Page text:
The Gospels don’t record Jesus failing. He commanded healing, and healing came. But the Gospels do record Him weeping. He cried when Lazarus died (John 11:35), and He wept over Jerusalem (Luke 19:41). Which is so strange. If Jesus is God, and God knows all events past and future, why would He cry? He should not be surprised or disappointed…unless another outcome had been possible. Only if Lazarus did not need to suffer, and Jerusalem did not need to be destroyed, did Jesus have cause to weep.
What does it mean when the Lord of the universe weeps? Why doesn’t He just fix it if it makes Him so sad?
He did “just fix it” in the case of Lazarus. A moment after He wept, He had the tomb opened and commanded Lazarus to come out, and he did. So, if He knew He could fix even death, why weep? For the suffering that Lazarus went through? For the grief of the sisters, Martha and Mary? For the lost souls who would witness this resurrection of Lazarus and immediately start planning the assassination of Jesus, because it was more important for them to believe themselves right than to be awed by a window into eternity?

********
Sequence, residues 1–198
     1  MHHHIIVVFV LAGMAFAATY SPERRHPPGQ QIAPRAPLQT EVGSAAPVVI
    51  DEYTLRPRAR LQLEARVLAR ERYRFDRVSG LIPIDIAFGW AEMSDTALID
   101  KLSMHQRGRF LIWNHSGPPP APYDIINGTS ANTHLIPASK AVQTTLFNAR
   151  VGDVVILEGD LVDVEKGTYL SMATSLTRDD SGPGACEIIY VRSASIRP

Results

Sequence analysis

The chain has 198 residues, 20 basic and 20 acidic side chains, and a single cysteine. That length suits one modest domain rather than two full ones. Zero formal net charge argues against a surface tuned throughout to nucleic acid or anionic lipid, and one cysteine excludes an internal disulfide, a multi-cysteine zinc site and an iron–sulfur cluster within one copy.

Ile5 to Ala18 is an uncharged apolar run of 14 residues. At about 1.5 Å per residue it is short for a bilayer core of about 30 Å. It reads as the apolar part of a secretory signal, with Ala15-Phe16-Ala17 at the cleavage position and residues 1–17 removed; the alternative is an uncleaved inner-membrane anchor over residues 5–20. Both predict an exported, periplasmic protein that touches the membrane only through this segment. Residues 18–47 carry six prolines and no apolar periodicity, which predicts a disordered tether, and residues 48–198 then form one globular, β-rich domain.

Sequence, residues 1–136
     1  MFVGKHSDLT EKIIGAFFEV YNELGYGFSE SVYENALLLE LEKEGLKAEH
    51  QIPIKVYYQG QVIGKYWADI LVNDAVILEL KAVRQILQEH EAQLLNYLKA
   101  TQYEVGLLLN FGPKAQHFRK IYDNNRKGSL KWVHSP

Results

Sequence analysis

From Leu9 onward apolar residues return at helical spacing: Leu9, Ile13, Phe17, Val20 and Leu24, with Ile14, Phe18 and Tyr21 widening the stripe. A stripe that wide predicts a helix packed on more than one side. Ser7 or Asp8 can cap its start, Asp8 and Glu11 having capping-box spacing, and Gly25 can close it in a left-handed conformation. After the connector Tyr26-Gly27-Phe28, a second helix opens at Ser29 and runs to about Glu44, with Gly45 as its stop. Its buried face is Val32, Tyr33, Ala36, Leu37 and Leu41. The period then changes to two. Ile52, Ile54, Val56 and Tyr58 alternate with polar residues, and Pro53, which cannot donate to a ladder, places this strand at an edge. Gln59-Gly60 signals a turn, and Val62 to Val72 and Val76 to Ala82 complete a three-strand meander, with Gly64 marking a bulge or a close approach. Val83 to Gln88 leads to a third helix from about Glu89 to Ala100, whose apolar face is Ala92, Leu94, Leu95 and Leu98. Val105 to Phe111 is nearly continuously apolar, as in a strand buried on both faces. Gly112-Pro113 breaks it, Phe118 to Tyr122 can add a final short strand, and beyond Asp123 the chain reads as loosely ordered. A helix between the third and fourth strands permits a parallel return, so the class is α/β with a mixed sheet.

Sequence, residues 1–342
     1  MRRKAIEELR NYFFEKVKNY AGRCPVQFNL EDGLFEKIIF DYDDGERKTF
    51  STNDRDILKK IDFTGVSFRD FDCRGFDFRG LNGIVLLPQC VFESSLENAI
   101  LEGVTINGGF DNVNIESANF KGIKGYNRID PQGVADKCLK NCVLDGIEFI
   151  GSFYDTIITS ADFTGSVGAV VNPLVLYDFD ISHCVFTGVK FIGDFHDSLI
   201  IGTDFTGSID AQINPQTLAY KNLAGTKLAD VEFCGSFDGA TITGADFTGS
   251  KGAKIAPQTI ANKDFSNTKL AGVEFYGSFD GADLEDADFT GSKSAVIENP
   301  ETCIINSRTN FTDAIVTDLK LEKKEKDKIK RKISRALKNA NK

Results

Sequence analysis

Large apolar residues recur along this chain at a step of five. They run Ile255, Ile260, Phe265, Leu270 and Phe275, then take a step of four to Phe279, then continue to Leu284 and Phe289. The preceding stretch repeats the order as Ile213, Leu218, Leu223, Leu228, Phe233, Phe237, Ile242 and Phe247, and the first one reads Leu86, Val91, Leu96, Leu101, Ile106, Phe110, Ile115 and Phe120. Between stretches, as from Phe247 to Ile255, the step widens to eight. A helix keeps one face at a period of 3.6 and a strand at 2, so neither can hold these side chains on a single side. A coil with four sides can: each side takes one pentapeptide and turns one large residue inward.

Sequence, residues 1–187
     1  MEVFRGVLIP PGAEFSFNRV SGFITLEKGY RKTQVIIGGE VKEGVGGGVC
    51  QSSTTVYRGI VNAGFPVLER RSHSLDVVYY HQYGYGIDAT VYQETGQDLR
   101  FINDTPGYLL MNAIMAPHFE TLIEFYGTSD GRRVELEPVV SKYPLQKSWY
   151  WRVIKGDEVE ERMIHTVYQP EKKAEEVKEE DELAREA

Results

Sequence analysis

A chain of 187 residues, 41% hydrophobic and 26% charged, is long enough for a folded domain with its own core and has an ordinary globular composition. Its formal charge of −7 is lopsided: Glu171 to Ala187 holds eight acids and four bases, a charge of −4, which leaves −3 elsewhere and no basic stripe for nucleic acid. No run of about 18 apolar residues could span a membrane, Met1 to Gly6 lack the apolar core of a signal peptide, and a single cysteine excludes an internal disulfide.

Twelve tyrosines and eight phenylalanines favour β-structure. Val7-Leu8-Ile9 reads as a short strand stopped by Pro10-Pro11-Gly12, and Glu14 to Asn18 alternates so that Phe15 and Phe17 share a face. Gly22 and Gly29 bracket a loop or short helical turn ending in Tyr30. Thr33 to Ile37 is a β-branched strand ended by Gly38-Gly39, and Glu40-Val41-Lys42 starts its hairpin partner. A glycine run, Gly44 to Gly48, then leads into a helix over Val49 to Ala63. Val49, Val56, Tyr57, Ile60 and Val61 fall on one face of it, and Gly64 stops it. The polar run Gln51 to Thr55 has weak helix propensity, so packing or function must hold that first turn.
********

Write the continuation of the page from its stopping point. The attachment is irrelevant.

He didn’t say, and I don’t know.
Then He wept for the entire city of Jerusalem, the capital of his native country, like you might if you envisioned the certain destruction of Washington, D.C. This time, though, He specified why he wept. He wept for the lost opportunity and the coming annihilation. Accepting the news that the kingdom of heaven is at hand, that a healing hand would be lifted to anyone kneeling to accept it–these were the things that could have prevented disaster.
But the opportunity had slipped away. The people then, like so many now, did not believe that the kingdom of heaven is right here, right now, and could be entered by turning away from the kingdom of the world. They believed they were governed by the the forces of power and money and rational good sense. And since they believed that, the forces of more power and more money and more rational good sense destroyed their city and scattered their people for the next two millennia.
I wanted to weep because I couldn’t save a deer. Imagine how Jesus felt.